Reichman and Hershfield’s tuberculosis: a comprehensive, international approach, third edition, parts A and B



Jaap F Broekmans1

KNCV TB Foundation, Parkstraat 17, PO Box 146, The Hague, Netherlands



Editor: Mario C Raviglione
Publisher: Informa Healthcare USA, New York, 2006
ISBN: 0-8493-9271-3; hardback, 1400 pages; price £ 170

From the publication of its first edition in 1993, Reichman and Hershfield’s tuberculosis: a comprehensive, international approach was an unusual textbook. The first edition was not merely a state-of-the-art representation of research and science: it almost presaged, by its unusually comprehensive and international perspective, the upsurge in attention tuberculosis (TB) would receive from the early 1990s onwards.

In its own way, the book was part of that upsurge in attention. One of its original editors, Lee Reichman, coined the phrase "the U-shaped curve of concern" for TB. He meant that political will and funding may bring down the disease, but that resurgence will occur if political will and funding are withdrawn prematurely, emphasizing the long-term nature of the fight.

Right from the first edition, the book hasn’t restricted itself to science and research, but has provided important information on TB diagnosis and treatment, described the breadth and complexity of the challenges that it presents to public health and captured the disease’s global manifestations.

Under its new editor, Mario Raviglione, director of WHO’s Stop TB Department (with Reichman and Hershfield’s names incorporated into the title), the book has become even more comprehensive. No other books on tuberculosis offer the reader a chapter on the genomics of the tubercle bacillus almost next to one on the complexities of the control of the disease in prisons. Similarly, a chapter on the elimination of the disease in the industrialized world is next to one on the challenges of multidrug-resistant tuberculosis in eastern Europe and TB-HIV in sub-Saharan Africa. Such diverse subjects as the economic and financial aspects of global TB control and surgical treatment of pulmonary tuberculosis also are discussed.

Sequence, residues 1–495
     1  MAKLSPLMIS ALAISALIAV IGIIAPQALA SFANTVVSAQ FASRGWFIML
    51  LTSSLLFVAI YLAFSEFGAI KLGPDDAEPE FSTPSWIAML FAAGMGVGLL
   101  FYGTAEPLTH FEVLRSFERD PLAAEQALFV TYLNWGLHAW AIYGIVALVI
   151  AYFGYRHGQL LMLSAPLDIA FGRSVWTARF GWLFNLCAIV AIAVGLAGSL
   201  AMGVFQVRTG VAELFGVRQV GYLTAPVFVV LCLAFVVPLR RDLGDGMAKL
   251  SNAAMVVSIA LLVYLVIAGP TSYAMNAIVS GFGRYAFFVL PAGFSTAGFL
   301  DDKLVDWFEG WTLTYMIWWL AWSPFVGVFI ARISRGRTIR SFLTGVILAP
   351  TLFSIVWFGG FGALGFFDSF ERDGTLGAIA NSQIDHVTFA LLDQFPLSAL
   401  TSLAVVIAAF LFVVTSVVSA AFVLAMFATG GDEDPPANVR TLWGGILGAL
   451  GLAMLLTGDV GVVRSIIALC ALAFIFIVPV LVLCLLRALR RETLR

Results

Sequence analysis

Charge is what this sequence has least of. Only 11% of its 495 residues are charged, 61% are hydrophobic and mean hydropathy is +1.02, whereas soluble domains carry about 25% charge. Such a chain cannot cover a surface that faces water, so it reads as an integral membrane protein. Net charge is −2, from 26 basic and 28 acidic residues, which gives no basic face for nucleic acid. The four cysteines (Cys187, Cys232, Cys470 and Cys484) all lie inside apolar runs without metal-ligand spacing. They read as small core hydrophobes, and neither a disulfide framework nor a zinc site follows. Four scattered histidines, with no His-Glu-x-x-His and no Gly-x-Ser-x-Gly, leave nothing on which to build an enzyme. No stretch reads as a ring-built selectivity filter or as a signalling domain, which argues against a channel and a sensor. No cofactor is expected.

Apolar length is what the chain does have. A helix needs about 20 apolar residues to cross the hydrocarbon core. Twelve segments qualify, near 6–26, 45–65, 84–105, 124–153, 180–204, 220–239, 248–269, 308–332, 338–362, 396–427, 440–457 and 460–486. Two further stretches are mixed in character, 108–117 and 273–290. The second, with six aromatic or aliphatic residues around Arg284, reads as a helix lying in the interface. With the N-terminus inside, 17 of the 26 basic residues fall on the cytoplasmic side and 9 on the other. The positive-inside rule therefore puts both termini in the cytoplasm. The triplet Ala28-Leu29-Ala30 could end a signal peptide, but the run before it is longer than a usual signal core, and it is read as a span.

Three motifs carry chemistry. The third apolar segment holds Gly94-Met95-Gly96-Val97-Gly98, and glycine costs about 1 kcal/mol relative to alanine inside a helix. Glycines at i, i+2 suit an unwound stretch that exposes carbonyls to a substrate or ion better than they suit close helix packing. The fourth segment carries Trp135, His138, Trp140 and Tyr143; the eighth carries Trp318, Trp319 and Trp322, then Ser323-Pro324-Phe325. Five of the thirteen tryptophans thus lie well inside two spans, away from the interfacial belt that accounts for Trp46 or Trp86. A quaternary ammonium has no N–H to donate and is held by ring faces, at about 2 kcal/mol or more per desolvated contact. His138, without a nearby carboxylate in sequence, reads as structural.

Raviglione prefaces the book by stating his intention to cover "what needs to be integrated in practice through effective collaboration between research scientists, physicians, public-health officials, epidemiologists, and policy-makers". Executive editor Claude Lenfant introduces the book as a veritable "road map" for the implementation of the Global Plan to Stop TB, 2006–2015. I concur with these statements and hope that those who read the book will agree that it more than succeeds in these endeavours.

The third edition is an impressive multi-authored, peer-reviewed treatise published in two parts, consisting of 50 chapters loosely divided into six sections. For a multi-authored book its contents are surprisingly coherent, and in no way monotonous or repetitive. An additional strength is that it stimulates the reader to look beyond usual approaches for fresh insights and experiences in other chapters.

These features make the book a must-have for those working in tuberculosis control, be it in the industrialized world or in national programmes in Asia, Africa or Latin America. The breadth of its presentation, also make it a valuable resource for health officials who want current information on public health practice. But all readers interested in tuberculosis will be pleasantly surprised and informed by the insights and experiences presented. Raviglione is to be congratulated on this achievement.



1 Correspondence to Jaap F Broekmans (e-mail:

World Health Organization Genebra - Genebra - Switzerland